I love having time to just listen to something new to me. I also love checking out familiar groups with new projects. One of the groups I like to follow is The Westerlies. I came across their NPR Tiny Desk Concerts performance from 2016. And I loved it! It’s a refreshing and inventive program, with great brass playing. Hope you agree.
The Westerlies have a bunch of other video’s to check out, just look them up
Sometimes I look out into the audience when I perform music. I don’t mean to take an subconscious pole of the demographics of the audience, but it’s hard not to notice. The picture above isn’t what I usually see, in fact the picture below is more of the reality of I tend to notice. Often I am the only person of color in the room, and after 20 years of holiday performances I started to wonder about those numbers.
I didn’t grow up going to classical music concerts, especially not during the holidays. So why and how I came to the place where I love classical music and am a performer of this music is a mystery to me. Either way this is the common ground under which the audience and I share community.
This week I spent time stretching before going out to do recess duty with middle school kids. Why do you ask, well that’s simple I tried playing “four square” with my students. Anyhow, it’s clear I don’t move like I used to…I’ve been limping since Tuesday.
Today I learned that Prince is no longer with us. Thanking him will be the job of everyone who loved…LOVE the music he created. So I will continue to admire him as an artist and continue to use his music as fodder for funk/pop/hip-hop music education. However, I found myself sitting with some students and I eventually ask them the question “Do you know who Prince is?” The reply was no…I think my parents do.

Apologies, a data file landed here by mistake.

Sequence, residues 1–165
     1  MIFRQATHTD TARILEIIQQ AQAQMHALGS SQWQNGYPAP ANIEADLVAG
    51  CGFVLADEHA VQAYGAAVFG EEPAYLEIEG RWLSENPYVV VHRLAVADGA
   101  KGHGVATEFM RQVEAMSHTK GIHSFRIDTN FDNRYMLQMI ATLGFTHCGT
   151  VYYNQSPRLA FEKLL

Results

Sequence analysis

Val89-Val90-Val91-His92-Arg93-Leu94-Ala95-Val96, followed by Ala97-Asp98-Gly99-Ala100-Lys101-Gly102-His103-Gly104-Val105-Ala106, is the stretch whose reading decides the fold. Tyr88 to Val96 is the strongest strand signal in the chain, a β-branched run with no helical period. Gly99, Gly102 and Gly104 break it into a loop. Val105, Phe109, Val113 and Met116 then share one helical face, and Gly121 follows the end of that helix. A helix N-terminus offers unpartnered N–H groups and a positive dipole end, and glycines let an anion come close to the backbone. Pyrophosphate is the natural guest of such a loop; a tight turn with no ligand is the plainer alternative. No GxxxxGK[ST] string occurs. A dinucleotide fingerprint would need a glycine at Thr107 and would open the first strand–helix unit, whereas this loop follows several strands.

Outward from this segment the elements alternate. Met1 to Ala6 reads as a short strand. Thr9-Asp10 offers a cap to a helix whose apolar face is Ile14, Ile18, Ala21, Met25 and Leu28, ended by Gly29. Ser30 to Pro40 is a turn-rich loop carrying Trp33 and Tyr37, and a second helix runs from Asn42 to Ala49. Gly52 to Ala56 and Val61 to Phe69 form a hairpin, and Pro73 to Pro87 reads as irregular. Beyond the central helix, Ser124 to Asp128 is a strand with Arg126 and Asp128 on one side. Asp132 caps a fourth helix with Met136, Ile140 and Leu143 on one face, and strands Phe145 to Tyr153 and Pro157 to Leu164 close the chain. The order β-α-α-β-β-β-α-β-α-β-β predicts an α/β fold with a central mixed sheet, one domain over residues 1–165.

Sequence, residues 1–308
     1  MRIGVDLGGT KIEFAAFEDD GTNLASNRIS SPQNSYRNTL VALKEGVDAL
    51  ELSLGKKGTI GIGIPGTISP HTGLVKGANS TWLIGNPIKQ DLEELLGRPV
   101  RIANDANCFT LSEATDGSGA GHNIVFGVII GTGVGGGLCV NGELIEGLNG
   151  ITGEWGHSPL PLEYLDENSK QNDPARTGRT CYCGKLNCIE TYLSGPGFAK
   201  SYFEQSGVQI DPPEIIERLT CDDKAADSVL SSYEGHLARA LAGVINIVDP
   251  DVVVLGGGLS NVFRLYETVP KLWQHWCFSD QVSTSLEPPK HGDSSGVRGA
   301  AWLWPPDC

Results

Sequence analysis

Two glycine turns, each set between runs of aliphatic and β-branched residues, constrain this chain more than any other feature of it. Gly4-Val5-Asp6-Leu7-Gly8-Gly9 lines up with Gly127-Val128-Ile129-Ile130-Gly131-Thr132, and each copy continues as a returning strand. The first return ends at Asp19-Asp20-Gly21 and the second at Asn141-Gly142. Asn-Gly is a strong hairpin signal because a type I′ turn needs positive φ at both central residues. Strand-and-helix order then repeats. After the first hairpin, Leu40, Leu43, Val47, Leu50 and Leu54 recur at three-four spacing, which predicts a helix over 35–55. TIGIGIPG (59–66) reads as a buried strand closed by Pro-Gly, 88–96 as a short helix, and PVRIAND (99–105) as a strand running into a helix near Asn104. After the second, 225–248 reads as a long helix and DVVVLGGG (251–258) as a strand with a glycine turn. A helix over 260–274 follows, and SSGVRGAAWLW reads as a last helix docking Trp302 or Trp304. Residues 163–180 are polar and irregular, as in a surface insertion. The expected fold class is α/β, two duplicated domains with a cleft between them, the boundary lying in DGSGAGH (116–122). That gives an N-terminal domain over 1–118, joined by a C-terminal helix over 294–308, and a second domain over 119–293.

At that point I came to accept once and for all that I am an “old” person. But enough about me, lets talk about Prince and how I’ve used his music in the past in my classes.
One of the tools I use, which was a gift given to us by Prince is his song Musicology. Just the names he drops in this song gives my students a jumping off point for exploration into american popular music. Then there’s learning about him and all his accomplishments.
Recently I played a concert in concert recital hall. The space was very intimate and the concert was around mid-day. At first I thought this was an odd time for a chamber music concert featuring the Stravinsky Octet and a few other works for the era. Odd until I listened to the New York Times Popcast: Jazz’s Takeover of Hallowed Museum Spaces.
Part of the discussion dealt with the classification of what jazz music is and how artist explore new sounds, spaces, and the integration of many forms of arts. One of the artist in question was Jason Moran. A fantastic jazz pianist and now Artistic Director for Jazz at The Kennedy Center.
A few days ago I found a new podcast to add to my rotation. And apparently, I love this podcast! Song Exploder is hosted by Hrishikesh Hriway and it’s super interesting if you are into deconstructing modern songs.
I downloaded 3 episodes which included artist I admire and listen to often. I was blown away with the interviews and then felt more invested in following Björk, Tune-Yards and Open Mike Eagle.
Here are some links to those episodes on the Song Exploder Soundcloud page. I hope you enjoy them as much as I did.
Having a quick warm-up at my disposal has been a very useful to me. Somedays I have 40 minutes to get my face ready for a day of playing. Unfortunately too often I get only 10-15 minutes to play in the morning. And that’s it!
So when my private student informed me that they didn’t have much time to get in a good warm-up, I decided to help them and me with that problem. Here’s what I came up with…perhaps it might be useful to others.
My night started off with thoughts of jazz and beer. Brother Thelonious is great for both.
Eventually I stayed up long enough to keep up with my latest hobby… Looking up. My kid calls Jupiter “daddy’s planet”, which lets me know the level of my geek is strong.
This may potentially be the last time I post about which planets I can see from my house. In general I feel the pictures I take with my iPhone does no justice to how cool I think this event is. The idea that I get to watch this pattern unfold before my very eyes is simply awesome. I think I’ll start saving up for a telescope. Perhaps my kid and I will enjoy looking up.